Malignant peripheral nerve sheath tumors (MPNSTs) are highly aggressive cancers that arise in 10% of young adults with Neurofibromatosis type 1 (NF1). Despite aggressive chemotherapy and radiation, the prognosis for these cancers remains dismal. In order to better understand why these tumors form and how they can be best treated, several small-animal models of MPNSTs have developed. However, none of these models accurately model the order of genetic changes in these cancers, nor the symptoms that affected individuals frequently experience.
Using a combination of novel genetically-engineered mice and viral gene silencing approaches, Dr. Angela Hirbe and her colleagues in the Washington University NF Center, created a new model in which the order of genetic changes can be controlled. Moreover, these mice start to limp when these cancers form. This advance was possible because of a unique collaboration between Dr. Hirbe and Dr. Sonika Dahiya at Washington University, Dr. Wade Clapp at Indiana University, and Drs. Dinorah Friedmann-Morvinski and Inder Verma at the Salk Institute.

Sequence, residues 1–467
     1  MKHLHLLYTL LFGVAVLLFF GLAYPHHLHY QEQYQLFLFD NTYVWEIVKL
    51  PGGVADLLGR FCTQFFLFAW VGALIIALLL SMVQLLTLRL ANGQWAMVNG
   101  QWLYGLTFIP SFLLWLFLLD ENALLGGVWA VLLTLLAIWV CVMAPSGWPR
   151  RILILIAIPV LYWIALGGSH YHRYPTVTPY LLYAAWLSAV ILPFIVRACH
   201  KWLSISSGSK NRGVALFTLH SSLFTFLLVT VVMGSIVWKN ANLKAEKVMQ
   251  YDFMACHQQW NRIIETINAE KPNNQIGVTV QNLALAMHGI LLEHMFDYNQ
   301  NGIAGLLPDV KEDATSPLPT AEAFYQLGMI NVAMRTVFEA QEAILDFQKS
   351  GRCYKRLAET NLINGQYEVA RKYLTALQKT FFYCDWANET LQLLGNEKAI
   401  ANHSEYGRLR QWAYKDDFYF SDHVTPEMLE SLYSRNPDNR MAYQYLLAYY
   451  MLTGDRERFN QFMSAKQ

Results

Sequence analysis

Dr. Hirbe plans to use this new model to discover and evaluate new drugs to treat these deadly cancers.
Hirbe AC, Dahiya S, Friedmann-Morvinski D, Verma IM, Clapp DW, Gutmann DH. Spatially- and temporally-controlled postnatal p53 knockdown cooperates with embryonic Schwann cell precursor Nf1 gene loss to promote malignant peripheral nerve sheath tumor formation. Oncotarget. 2016 Feb 7. doi: 10.18632/oncotarget.7232. [Epub ahead of print]